Human Barrett's adenocarcinoma of the esophagus, associated myofibroblasts, and endothelium can arise from bone marrow-derived cells after allogeneic stem cell transplant

Lloyd Hutchinson, Bjorn Stenstrom, Duan Chen, Bilal Piperdi, Sara Levey, Stephen Lyle, Timothy C. Wang, Jeanmarie Houghton

Research output: Contribution to journalArticle

59 Scopus citations


This study characterizes the contribution of bone marrow-derived cells (BMDCs) to Barrett's adenocarcinoma of the esophagus using a mouse surgical model of disease and human specimens. Transplantation of bone marrow expressing beta galactosidase into a wild-type mouse, followed by surgical esophagojejunostomy, allowed tracking of BMDCs into the surgical anastomosis and resulting Barrett's metaplasia. Human tissue from a male patient who had been transplanted with female bone marrow and later developed esophageal adenocarcinoma allowed us to tract donor-derived cells into the tumor. Using a combination of antibodies directed against beta-galactosidase (animal studies) and X/Y fluorescent in situ hybridization (FISH) (human studies), combined with specific lineage staining directed against epithelial, fibroblast, endothelial, and leukocyte markers, we show that bone marrow cells contribute to both the epithelial and stromal component of esophageal adenocarcinoma. These findings demonstrate that BMDCs can generate cancer-associated fibroblasts as well as contribute directly to epithelial cells in cancer of the esophagus.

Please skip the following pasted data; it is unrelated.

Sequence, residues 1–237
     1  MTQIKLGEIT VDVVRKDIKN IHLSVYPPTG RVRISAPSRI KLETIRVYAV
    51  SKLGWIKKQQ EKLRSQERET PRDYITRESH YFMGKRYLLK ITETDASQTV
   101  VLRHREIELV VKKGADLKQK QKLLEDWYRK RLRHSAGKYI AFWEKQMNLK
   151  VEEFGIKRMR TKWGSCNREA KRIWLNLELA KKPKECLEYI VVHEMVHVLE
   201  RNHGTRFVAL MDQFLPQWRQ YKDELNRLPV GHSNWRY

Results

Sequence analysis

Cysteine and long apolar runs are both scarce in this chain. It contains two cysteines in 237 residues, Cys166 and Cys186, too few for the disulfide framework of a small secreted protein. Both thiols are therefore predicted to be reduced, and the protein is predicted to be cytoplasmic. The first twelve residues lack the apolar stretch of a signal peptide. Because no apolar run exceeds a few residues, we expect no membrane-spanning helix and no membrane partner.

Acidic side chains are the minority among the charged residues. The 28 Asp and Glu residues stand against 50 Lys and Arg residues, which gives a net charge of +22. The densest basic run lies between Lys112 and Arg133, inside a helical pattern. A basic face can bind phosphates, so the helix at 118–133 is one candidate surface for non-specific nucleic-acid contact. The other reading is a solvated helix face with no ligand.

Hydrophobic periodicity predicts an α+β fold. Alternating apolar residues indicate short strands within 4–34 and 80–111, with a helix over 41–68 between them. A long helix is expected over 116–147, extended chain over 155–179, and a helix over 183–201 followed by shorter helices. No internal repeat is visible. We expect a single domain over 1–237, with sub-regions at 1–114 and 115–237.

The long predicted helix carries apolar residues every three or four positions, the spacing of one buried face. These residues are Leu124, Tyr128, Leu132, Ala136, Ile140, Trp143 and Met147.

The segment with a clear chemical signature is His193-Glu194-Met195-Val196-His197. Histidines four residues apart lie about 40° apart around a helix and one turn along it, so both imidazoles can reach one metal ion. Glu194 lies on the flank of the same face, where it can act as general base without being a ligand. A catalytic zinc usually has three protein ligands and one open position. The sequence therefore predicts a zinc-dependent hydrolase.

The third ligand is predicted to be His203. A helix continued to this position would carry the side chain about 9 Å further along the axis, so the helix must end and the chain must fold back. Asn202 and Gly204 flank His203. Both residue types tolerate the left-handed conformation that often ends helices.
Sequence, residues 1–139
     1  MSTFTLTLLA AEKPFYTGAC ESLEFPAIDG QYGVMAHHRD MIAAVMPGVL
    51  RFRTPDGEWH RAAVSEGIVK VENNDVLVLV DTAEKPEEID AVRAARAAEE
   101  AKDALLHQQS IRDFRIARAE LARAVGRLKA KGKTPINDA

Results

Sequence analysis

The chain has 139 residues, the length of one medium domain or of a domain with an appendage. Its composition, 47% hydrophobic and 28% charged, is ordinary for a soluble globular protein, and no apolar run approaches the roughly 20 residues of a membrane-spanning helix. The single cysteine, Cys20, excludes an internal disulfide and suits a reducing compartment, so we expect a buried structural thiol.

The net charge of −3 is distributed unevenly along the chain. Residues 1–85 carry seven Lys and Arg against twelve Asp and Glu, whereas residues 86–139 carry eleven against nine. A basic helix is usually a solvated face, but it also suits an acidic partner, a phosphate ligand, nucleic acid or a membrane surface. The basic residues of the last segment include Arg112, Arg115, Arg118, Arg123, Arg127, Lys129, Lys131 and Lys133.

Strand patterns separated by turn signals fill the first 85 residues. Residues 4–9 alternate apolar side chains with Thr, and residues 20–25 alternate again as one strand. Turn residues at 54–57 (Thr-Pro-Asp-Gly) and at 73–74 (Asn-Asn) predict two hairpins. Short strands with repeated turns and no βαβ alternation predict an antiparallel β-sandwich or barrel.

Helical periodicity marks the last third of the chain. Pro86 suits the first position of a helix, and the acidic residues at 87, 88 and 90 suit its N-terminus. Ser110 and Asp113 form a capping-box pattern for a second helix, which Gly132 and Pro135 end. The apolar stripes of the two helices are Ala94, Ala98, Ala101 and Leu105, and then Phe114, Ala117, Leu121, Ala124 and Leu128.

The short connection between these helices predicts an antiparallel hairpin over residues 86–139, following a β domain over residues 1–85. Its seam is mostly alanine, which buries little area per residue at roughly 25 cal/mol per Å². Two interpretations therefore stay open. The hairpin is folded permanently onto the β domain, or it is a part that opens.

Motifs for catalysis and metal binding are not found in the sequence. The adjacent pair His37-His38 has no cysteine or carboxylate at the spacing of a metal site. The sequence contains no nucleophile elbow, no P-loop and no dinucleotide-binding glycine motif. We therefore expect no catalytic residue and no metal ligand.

Original languageEnglish (US)
Pages (from-to)11-17
Number of pages7
JournalStem Cells and Development
Issue number1
StatePublished - Jan 1 2011
Externally publishedYes


ASJC Scopus subject areas

  • Hematology
  • Developmental Biology
  • Cell Biology

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